4. All technologically advanced civilizations eventually succumb to their own creations. This can happen either through something as explosive as a nuclear war or through something more intellectually sinister and conniving, such as artificial intelligence that gets out of control.
  5. Aliens do not wish to communicate because they do not share our desire to explore the universe, nor do they care for the existence of other civilizations. Or they may not reach out because they have created virtual realities for themselves which are more interesting and fulfilling than anything in the real world.
  6. Aliens are sending signals in a way which we do not recognize. Up until now we assumed their signals would come in the form of electromagnetic radiation because of its various advantages. Not only is it cheap and easy to produce, but it would also move at the speed of light and could be received by more primitive civilizations. Our focus on this kind of radiation could mean we’re missing signals elsewhere.
  7. In the “Dark Forest Theory” of the universe civilizations choose to remain silent for fear of being attacked. When there is no way for you to know another person’s intentions, it’s best to play it safe.
  8. Civilizations on other worlds may not be able to develop astronomy at all. Physical characteristics of their planet may make it impossible for them to study or explore the universe. Their skies may be perpetually dark, clouded, or otherwise perpetually bright so that the population does not even dream of other worlds.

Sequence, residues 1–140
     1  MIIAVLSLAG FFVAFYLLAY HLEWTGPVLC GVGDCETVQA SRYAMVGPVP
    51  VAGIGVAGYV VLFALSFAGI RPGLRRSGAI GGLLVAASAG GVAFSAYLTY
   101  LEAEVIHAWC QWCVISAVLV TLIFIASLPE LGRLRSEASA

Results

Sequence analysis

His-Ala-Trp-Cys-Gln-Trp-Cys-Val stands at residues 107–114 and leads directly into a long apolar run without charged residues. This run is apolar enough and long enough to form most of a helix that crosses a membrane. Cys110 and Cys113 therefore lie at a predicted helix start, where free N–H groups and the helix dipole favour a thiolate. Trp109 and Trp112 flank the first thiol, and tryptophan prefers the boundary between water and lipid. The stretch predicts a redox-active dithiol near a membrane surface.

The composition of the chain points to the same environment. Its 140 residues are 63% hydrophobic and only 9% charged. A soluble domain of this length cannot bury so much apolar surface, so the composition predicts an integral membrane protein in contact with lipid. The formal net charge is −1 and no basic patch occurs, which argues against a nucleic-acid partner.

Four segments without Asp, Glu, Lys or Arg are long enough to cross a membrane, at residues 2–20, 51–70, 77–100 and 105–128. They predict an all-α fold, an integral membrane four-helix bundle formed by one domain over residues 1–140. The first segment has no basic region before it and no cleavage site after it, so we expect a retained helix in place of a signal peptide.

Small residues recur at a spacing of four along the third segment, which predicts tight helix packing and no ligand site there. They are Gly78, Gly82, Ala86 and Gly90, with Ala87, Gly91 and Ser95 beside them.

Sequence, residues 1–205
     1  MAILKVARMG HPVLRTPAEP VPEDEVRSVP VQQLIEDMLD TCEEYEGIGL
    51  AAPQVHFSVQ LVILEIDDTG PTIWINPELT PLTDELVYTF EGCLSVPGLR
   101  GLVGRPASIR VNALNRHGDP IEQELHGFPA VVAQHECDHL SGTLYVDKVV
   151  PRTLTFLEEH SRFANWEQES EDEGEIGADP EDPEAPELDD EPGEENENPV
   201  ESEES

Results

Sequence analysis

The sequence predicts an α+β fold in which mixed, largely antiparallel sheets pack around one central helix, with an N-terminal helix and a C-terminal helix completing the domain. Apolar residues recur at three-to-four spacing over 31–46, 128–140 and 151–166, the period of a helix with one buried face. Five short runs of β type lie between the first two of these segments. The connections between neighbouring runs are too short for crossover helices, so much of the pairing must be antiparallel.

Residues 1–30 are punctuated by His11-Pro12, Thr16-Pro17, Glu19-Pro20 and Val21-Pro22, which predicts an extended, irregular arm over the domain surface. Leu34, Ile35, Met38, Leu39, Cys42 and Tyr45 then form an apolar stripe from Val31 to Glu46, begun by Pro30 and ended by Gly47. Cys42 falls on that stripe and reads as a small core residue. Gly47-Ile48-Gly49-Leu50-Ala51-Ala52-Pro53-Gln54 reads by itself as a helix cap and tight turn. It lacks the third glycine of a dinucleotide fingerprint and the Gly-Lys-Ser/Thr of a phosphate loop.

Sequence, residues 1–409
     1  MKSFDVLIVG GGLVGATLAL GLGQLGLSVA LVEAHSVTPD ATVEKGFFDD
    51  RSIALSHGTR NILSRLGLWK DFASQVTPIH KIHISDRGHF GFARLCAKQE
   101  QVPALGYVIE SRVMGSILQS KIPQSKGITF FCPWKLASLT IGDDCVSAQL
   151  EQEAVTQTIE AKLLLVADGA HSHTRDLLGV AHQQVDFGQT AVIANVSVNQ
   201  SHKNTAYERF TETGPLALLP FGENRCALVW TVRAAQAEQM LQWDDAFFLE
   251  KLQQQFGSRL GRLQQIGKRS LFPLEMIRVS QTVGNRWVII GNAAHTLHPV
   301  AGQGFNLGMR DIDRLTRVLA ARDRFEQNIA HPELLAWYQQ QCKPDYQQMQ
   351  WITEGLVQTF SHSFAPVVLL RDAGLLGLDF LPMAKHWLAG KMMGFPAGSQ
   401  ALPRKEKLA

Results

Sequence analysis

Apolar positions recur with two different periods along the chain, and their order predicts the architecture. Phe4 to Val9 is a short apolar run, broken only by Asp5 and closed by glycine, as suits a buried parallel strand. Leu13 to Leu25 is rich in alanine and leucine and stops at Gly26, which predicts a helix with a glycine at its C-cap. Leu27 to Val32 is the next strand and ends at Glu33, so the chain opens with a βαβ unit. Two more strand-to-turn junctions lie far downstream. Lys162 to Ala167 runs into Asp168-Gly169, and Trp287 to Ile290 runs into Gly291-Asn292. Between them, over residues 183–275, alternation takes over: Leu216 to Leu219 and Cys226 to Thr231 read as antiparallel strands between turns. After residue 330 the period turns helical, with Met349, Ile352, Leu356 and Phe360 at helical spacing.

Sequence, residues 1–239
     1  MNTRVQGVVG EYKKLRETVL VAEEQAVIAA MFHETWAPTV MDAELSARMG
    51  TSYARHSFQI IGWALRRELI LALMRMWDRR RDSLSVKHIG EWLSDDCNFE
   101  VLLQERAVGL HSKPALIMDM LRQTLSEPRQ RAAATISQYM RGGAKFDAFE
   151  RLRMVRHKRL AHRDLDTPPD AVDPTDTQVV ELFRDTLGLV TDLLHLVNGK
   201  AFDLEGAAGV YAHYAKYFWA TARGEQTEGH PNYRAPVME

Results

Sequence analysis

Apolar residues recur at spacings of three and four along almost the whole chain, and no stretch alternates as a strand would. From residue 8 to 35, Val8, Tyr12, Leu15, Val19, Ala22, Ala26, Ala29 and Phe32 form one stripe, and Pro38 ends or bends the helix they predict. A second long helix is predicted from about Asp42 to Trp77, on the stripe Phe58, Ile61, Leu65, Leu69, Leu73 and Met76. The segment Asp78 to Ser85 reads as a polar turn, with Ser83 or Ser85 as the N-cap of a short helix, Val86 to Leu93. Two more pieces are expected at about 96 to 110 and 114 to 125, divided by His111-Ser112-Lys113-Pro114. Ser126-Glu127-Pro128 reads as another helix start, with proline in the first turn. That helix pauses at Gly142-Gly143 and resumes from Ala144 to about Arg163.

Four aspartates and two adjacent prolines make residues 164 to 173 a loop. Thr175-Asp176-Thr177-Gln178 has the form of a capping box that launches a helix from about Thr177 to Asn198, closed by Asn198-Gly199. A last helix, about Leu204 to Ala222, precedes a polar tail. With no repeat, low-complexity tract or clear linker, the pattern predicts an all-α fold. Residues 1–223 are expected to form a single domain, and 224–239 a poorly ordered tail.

9. In the “Rare Earth Hypothesis” we explore the idea that there were many fortunate events leading to the formation of life on Earth. Not only Earth’s placement in the Solar System and in the galaxy, but also its unique geothermal activity, its accompanying moon, our rare and stable star, and our proximity to a planet the size of Jupiter to protect us from accidental impacts. So many factors contributed to our existence, in fact, that it is unlikely life has developed on other worlds. And if life does exist on other worlds, it does not easily develop into complex and intelligent organisms. This may be because some step in our evolution is incredibly difficult to overcome.
  10. More advanced civilizations have reached the technological singularity and are now beyond our understanding. They may even gravitate towards places of great power and mystery, such as the inside of a black hole.

And, finally, my own personal belief. This idea extends beyond mankind’s solitary status in the universe and applies to each one of us at the individual level. That we must learn, at least for some time, to be alone. What seems silent and empty now will someday be filled with the boisterous streams of radiation indicating busy civilizations at work.

It’s difficult to think that, for now, we’re still alone. But each human is born and dies alone; this is not so different. If we are the first civilization to arise then we can use this time to evolve into the best kind of beings: wise, welcoming, looking to guide and not destroy. Let us use these formidable years alone to become the very things we keep wishing to find.